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What you need to know for 01/20/2018

Editorial: Put penny out of its misery

Editorial: Put penny out of its misery

U.S. should follow Canada's lead

Few people will stoop to pick up those pennies that are dropped (or thrown) on the ground these days, and there’s a reason: The coins are practically worthless unless you’ve got a ton of them, and almost no one besides a numismatist will argue that point. So why does the government still insist on making them?

The cost of minting each penny, which is now 97.5 percent zinc and only 2.5 percent copper, rose to 2.4 cents last year. Thus the government spends $100 million annually to create what, for most people, is mostly a nuisance. Yes, pennies occasionally come in handy to pay sales taxes, but you can’t actually buy anything — even a gumball — with them anymore. And with increasing numbers of consumers using plastic to pay for their purchases, there’s less need for pennies than ever.

In Canada last week, where the currency is virtually on par with ours, the government took the first step in phasing its penny out of circulation: It minted its last cent. According to a Wall Street Journal story, the country will continue distributing its inventory of remaining pennies for the next few months, while Canadians are encouraged to reduce their own stockpiles by donating them to charity. Then the government will embark on a plan to take the coins out of circulation, melting them down and selling their component metals (4.5 percent copper and 95.5 percent steel). The move will eventually save the Canadian government $11.15 million annually.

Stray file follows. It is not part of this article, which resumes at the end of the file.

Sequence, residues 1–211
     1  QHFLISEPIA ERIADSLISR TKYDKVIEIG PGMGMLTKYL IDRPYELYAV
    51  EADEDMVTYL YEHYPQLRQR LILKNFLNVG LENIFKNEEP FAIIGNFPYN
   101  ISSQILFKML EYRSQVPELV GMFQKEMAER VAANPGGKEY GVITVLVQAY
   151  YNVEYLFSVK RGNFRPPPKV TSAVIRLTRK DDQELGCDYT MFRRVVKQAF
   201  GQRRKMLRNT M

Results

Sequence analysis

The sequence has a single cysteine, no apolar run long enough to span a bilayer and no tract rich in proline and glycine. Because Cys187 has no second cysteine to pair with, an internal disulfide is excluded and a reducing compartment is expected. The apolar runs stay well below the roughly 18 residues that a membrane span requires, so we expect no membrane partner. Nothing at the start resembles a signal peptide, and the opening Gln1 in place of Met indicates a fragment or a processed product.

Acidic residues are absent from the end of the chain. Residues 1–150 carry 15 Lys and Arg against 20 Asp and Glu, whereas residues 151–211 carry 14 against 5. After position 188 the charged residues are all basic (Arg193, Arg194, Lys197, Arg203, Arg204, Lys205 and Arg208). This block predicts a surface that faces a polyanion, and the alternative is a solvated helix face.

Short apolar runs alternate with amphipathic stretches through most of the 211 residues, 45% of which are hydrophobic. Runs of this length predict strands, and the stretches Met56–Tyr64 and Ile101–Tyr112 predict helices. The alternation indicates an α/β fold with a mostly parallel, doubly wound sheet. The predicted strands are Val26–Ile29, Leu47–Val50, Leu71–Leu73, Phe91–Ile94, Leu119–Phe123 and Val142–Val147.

We’d like to see the U.S. government follow suit, not just because of the savings but the quality-of-life issue. There’s just no point in pretending that pennies have value, and carrying them around just to round off sales to the nearest nickel — or getting a bunch of them back when paying for something with larger coins — is a pain.

At the very least, to save money the U.S. should alter its penny’s composition, using steel instead of zinc and copper, as was done briefly during World War II. That wouldn’t save a lot, just 0.4 cents per coin, but it would be better than nothing.

Best of all would be to kiss the penny goodbye. Letting retailers round up or down to the nearest nickel wouldn’t be a burden on anyone, or very inflationary: some sales would round up, others down.

Maybe there’s even a way for those cents in the middle to be donated to charity. Then there would be no incentive for anyone to game the system, and the windfall would go to a worthy cause.

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